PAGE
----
Posts Tagged ‘Skipper Lakes’

First Exploration of Balm Mountain

While exploring the part of the Western Cascades called the Calapooya Mountains over the last few years, I have repeatedly been drawn by the seemingly bleached open slopes of Balm Mountain (see map). After finding so many unusual plants at the next peak to the NNW, what I’ve dubbed Loletta Peak (see previous posts on Loletta Peak), I’ve become even more obsessed with finding out what treasures await on Balm Mountain. Yesterday (August 23), I finally indulged my curiosity. I decided to approach this mountain from my usual route up Coal Creek Road 2133. I’d never driven to the end of Road 3810, which goes just below the south sides of Loletta Peak and Balm Mountain and can be accessed from the north only by Road 5851, which is most quickly reached via Coal Creek Road. When I investigated the Skipper Lakes trail last year (see Some Oddities at Skipper Lakes), just below the southeast side of Balm Mountain, I headed in from the north side, which was a shorter drive. Unfortunately the spur road was bad and the trailhead non-existent. I eventually found the trail and discovered a real trailhead at the south end, right where road 3810 deadends.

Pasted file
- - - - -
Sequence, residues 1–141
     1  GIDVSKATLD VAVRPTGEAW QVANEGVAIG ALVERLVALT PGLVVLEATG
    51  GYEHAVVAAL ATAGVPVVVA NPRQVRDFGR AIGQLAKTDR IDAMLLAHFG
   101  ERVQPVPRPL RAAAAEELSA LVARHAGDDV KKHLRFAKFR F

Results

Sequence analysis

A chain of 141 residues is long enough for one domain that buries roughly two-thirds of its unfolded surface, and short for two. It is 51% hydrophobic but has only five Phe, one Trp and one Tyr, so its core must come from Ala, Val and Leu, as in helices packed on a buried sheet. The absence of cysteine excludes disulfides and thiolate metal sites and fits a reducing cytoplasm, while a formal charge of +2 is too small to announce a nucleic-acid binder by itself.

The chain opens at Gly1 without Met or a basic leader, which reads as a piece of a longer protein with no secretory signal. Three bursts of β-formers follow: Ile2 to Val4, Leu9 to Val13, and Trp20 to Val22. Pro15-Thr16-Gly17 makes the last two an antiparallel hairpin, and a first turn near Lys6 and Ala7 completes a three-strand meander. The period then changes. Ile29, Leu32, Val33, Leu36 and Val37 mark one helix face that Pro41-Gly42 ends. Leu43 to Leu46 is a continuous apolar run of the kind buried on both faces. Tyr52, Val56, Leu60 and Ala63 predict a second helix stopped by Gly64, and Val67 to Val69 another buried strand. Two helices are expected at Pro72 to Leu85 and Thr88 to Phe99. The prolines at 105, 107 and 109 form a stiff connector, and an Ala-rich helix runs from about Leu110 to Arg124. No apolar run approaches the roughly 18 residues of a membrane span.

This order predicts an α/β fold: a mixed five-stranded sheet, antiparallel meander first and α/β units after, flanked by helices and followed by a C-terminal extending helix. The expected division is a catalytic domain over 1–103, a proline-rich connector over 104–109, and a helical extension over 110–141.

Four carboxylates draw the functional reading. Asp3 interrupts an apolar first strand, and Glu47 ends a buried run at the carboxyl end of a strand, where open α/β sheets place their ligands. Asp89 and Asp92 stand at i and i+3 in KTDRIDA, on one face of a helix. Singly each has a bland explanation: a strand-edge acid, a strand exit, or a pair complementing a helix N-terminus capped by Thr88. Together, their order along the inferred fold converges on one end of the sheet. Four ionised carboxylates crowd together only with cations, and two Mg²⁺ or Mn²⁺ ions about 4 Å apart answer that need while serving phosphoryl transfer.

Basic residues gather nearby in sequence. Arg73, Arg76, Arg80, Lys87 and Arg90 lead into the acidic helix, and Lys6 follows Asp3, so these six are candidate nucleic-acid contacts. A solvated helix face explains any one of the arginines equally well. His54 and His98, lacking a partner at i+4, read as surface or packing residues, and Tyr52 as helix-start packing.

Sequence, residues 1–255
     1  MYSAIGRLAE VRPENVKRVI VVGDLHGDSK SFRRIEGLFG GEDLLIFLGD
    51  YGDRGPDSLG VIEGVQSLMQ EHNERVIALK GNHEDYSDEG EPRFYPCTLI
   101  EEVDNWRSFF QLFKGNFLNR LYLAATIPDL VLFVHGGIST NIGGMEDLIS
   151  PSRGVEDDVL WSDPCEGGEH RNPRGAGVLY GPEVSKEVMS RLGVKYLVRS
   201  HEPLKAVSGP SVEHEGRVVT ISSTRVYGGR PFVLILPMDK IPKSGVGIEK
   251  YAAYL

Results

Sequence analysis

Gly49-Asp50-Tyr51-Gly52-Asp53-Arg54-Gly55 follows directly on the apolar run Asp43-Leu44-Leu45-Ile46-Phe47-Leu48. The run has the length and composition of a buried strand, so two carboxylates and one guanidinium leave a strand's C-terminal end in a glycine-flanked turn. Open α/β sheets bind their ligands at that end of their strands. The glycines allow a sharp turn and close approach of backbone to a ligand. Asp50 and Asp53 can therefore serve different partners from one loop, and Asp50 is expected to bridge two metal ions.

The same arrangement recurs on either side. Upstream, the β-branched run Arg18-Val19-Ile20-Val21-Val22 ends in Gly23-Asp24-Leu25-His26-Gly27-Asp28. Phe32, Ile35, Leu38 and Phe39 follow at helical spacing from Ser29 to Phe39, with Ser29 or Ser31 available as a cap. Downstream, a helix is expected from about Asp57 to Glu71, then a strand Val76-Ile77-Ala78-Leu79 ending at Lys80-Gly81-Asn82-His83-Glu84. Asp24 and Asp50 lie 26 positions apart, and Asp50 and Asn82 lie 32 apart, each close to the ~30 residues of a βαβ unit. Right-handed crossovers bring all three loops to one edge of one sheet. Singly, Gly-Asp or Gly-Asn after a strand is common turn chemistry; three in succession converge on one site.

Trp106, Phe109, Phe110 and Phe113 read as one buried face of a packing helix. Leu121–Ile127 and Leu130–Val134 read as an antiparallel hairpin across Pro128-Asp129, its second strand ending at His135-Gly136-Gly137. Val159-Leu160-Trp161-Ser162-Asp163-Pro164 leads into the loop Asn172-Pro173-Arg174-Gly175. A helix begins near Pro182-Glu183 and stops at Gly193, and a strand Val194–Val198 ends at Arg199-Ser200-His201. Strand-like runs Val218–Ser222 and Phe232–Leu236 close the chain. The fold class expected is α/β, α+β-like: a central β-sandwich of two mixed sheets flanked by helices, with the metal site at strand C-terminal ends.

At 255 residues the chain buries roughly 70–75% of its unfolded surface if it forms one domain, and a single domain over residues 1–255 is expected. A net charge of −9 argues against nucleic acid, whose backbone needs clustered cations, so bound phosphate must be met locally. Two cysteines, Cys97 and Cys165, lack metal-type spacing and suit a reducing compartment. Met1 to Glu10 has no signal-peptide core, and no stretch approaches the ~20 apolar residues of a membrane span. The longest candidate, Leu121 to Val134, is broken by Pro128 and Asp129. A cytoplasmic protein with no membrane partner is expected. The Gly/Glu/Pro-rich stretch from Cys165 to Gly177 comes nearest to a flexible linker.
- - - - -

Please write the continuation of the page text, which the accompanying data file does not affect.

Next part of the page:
Amazing weathered rock formations along the ridge south of the lookout site (seen at the top)

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Some Oddities at Skipper Lakes

I’ve been exploring the Calapooyas of late, and a couple of days ago I went to Skipper Lakes on the south side of the Calapooya crest at the base of Balm Mountain, less than 3 air miles south of Loletta Lakes where I was a few days before. The lakes themselves weren’t nearly as productive, and the area around them not nearly as wet as I expected, but I did find some unusual things. Not so surprisingly, given the close proximity to Loletta Lakes where I just discovered it, I found 2 separate areas of Oxypolis occidentalis. Also Geranium richardsonii in fading bloom, Horkelia fusca, loads of Stellaria obtusa (also some S. crispa and S. borealis, they’re popping up everywhere now that I’m paying attention). There was also quite a bit of Ribes erythrocarpum in fruit. I noticed a specimen from there on the OFP Atlas but have not found any other list for Skipper Lakes. It’s hard to imagine that the Roseburg Herbarium ladies didn’t do a list for this pretty trail. I didn’t think they missed much.It must be beautiful earlier in the season near the south trailhead as it was filled with Balsamorhiza deltoidea, Linum lewisii, and Ipomopsis aggregata. The big trees in the woods are nice too. It looks like a lot of incense cedars are crowding the openings however. It’s a nice trail, too bad it requires so many miles of gravel.

Odd broad-lip twayblades (Listera convallarioides) with three leaves instead of two

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